But also, I’ve never particularly been a group tour person. I don’t really, really want to travel with thirty people I don’t know. I mean, I’d do it – the boat tours and stuff we did on the Alaska cruise were fun. But I also didn’t really talk to anyone other than Aunt Gay and Uncle Joe, on the ones we went on together. But I don’t want to take a tour to meet people and make friends. Maybe I would have earlier in my life, and maybe I’d like to later in my life. But this trip is going to be about seeing friends I have over there and spending time with them (Hawk, Donna) and spending time with people I already know (Aunt Gay, Uncle Joe, Jeff, everyone we’ll see at WorldCon).

So I keep looking up all these train tours and let me tell you, there are a fucking gazillion of them. And there’s something to be said for not having to plan shit. For letting someone else keep all the little ducks in a row. For just going where I’m pointed and not having to think about how to get from A to B. But they’re SO overwhelming I keep shutting down the websites before I’ve really looked at EVERYTHING. Which means when I go back to it later, I’m all “didn’t I already look at this?”. Or maybe I looked at something similar, because let me tell you, a LOT of these places have very, very similar tours. It’s enough to make your eyes glaze over, and it makes me glad I have a year to plan this because I can barely see the forest for the trees, here. Speaking of trees, I’d love to see one of those trees in Ireland that people tie ribbons to, a Wishing Tree. Although it’s going to be just past time for that, because I think it’s a May/June thing and we’ll be there in July/August.


Last night I sat down for about two hours with Google Maps, and just… looked. Looked at the map of Wales. The map of England. Looked at those somewhat helpful buttons on Google Maps for “things to do” and “places to stay” and then also had another tab open with the website Rome2Rio open so I could see how many different ways there are to get from one place to another.

I mean, if I were going somewhere here in the US for a week, would I buy into a tour? Fuck no. I’d find a hotel that was hopefully a little funky and close to whatever I most wanted to see, and I’d look around to see if there were traditional museums or living history museums or cathedrals with stained glass or very old cemeteries (perhaps with someone I admire buried there so I can go tell them ‘thank you’) and maybe walking or Duck tours (if you’re not familiar with Duck Tours, they’re amphibious WWII vehicles repurposed to give land and water tours in cities with rivers). Someplace with or near food that wouldn’t kill me would be a bonus.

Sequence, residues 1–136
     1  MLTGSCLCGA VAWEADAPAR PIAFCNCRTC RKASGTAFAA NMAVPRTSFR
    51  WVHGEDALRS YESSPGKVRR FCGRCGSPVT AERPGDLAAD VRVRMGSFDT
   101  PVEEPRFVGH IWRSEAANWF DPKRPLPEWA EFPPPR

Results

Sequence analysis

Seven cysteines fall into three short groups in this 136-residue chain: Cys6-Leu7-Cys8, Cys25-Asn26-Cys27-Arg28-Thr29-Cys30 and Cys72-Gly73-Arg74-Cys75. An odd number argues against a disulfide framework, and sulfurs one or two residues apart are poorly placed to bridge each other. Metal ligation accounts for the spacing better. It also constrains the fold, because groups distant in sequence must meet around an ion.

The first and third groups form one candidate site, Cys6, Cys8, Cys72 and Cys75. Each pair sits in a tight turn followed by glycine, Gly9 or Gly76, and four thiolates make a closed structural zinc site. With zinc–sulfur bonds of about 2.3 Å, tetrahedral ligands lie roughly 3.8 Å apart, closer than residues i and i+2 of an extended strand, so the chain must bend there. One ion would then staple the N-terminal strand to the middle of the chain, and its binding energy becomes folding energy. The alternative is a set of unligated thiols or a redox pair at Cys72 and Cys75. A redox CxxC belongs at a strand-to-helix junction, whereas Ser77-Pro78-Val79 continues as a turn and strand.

And fortunately, I have friends who have been there, and friends who live there, so with their help I’m finding information on things that aren’t necessarily “here’s this see twelve things in six days”. Not that I don’t want to see twelve things, I’m sure I do! But I also want to sleep. And just walk around. And look out the window and daydream. And yes, Hawk, sit in your garden and drink whiskey!

I feel like Bilbo right before he stepped out onto the road. This is so exciting. This is going to be quite the adventure!

PS. I hope you like some of my favorite fictional maps. I would hands down absolutely go to any of those places. If they were real.

Why do we hurtle ourselves through every inch of time and space?
I must say around some corner, I can sense a resting place.
With every lesson learned, a line upon your beautiful face.
We’ll amuse ourselves one day with these memories we’ll trace.

Get out the map, get out the map and lay your finger anywhere down,
We’ll leave the figuring to those we pass on our way out of town.
Don’t drink the water, there seems to be something ailing everyone.
I’m gonna clear my head,
I’m gonna drink that sun,
I’m gonna love you good and strong while our love is good and young.

— Emily Saliers/Amy Ray